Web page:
Don’t get me wrong. Trayvon Martin deserves justice. His death is nothing less than murder, plain and simple. But too many states have essentially legalized murder with laws that allow anyone to kill anyone else on the pretext that they fear for their life. MMA training or not, there is nothing fiercer than a teenager who’s afraid for his well-being. I would have been afraid. I wouldn’t have been carrying a gun, though. A verdict of “guilty” will put the killer in jail for a bit, but it will also justify the law. Florida can say, “See, the law works.” Nothing changes, until the next poor, unsuspecting victim falls prey to an overzealous vigilante with deluded aspirations of grandeur.
The question we need to ask ourselves is, “Which outcome would be best for everyone?” Travon Martin is already a martyr. No verdict will bring back all that lost life and potential. Trayvon’s legacy will be measured in how his tragic death affects this country and its laws. While I would love to see Trayvon’s killer locked away for what he did, moving this country in a more humane direction would be the bigger prize. A verdict of “not guilty” may not accomplish that, but I think it’s the only chance. Brace yourselves.
*UPDATE/CORRECTION: Apparently, I’ve made a fatal mistake by skipping the boring voir dire/jury selection process and being unaware that Florida juries only require twelve people when defendant risks a death penalty. If you want to dismiss my arguments because of that, so be it.
What Happened To The Google-Motorola Deal?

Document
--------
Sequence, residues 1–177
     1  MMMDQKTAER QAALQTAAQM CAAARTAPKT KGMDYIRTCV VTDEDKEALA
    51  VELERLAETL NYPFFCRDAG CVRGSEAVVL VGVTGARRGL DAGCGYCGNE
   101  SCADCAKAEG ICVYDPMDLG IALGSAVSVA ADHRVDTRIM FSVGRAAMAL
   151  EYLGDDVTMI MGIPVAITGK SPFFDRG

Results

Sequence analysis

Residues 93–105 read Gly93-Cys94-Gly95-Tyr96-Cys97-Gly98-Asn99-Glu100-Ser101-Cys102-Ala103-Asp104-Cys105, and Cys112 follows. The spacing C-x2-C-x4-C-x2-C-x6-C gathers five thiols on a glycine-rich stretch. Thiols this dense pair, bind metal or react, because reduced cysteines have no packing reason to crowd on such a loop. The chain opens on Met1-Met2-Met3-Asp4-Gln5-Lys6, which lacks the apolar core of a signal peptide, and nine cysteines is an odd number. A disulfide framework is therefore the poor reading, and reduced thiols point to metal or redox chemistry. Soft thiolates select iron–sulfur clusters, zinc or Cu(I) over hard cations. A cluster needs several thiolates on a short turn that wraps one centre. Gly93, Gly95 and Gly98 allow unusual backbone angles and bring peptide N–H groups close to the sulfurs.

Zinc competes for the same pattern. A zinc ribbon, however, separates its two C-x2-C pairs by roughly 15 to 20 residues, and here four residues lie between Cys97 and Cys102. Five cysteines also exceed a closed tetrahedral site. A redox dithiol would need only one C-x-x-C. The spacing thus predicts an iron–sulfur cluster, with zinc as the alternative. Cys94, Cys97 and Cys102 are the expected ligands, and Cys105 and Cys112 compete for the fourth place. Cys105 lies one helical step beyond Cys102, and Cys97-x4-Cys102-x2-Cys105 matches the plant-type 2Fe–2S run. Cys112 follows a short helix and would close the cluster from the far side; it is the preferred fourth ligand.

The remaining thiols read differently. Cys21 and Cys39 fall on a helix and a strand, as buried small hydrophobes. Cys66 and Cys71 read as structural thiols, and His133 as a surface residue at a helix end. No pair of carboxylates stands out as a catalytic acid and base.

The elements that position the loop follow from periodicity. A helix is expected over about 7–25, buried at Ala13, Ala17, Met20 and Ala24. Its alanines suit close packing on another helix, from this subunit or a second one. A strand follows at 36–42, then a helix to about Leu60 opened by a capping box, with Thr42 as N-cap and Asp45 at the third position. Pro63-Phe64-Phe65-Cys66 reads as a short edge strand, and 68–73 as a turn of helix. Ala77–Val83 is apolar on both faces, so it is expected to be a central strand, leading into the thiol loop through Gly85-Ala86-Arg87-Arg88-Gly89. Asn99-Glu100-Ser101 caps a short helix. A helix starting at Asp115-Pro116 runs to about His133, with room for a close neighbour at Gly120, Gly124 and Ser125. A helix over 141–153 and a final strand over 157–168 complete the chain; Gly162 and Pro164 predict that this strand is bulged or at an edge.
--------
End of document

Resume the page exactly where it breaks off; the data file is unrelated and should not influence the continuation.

Months down the line after the Google acquisition of Motorola Mobility and little has been heard on what Google plans to do with its new $12.5 billion toy.
There was a lot of hype when Google announced it was purchasing Motorola Mobility from the parent company and there were all sorts of words flying around including Googlerola and Gorolla (Gorilla?).
Now that all the hype has died down and all the regulatory permissions have been appropriated, some tough questions still linger much as no one is talking about them. Many said Google was buying Motorola Mobility for its patent stash and this was fairly accurate as the company had some 17,000 patents on the purchasing block.
This was seen as a strategic move by Google to protect its Android operating system from being cannibalized by patent trolls the moment it hit critical mas. This is all great but there still remains one tiny little detail that most seem to have overlooked. Motorola is a fully functional multinational company with over 25,000 employees working in 92 factories across over 90 countries.
Now, Google did not just buy the patents, it bought everything that comes with the company, including these employees. So what happens to these employees now that Google has its patents and Android is safe? Unlike the case of Nortel where the company was dismantled and the properties auctioned, MM is a different case altogether and the lack of focus and commitment on Google’s part is rather shocking.